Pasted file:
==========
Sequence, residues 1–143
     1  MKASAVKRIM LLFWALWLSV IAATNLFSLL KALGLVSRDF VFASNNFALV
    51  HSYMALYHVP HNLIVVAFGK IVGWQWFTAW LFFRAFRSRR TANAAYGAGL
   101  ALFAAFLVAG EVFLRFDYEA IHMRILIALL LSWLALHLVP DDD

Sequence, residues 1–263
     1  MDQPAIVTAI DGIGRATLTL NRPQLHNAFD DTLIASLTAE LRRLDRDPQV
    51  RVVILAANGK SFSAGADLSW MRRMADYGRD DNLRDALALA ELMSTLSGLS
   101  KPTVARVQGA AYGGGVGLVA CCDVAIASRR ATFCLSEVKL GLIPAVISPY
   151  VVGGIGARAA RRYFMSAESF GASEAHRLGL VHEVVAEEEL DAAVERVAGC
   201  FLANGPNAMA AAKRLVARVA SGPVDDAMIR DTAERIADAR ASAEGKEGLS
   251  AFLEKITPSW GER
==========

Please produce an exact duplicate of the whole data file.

Sequence, residues 1–143
     1  MKASAVKRIM LLFWALWLSV IAATNLFSLL KALGLVSRDF VFASNNFALV
    51  HSYMALYHVP HNLIVVAFGK IVGWQWFTAW LFFRAFRSRR TANAAYGAGL
   101  ALFAAFLVAG EVFLRFDYEA IHMRILIALL LSWLALHLVP DDD

Sequence, residues 1–263
     1  MDQPAIVTAI DGIGRATLTL NRPQLHNAFD DTLIASLTAE LRRLDRDPQV
    51  RVVILAANGK SFSAGADLSW MRRMADYGRD DNLRDALALA ELMSTLSGLS
   101  KPTVARVQGA AYGGGVGLVA CCDVAIASRR ATFCLSEVKL GLIPAVISPY
   151  VVGGIGARAA RRYFMSAESF GASEAHRLGL VHEVVAEEEL DAAVERVAGC
   201  FLANGPNAMA AAKRLVARVA SGPVDDAMIR DTAERIADAR ASAEGKEGLS
   251  AFLEKITPSW GER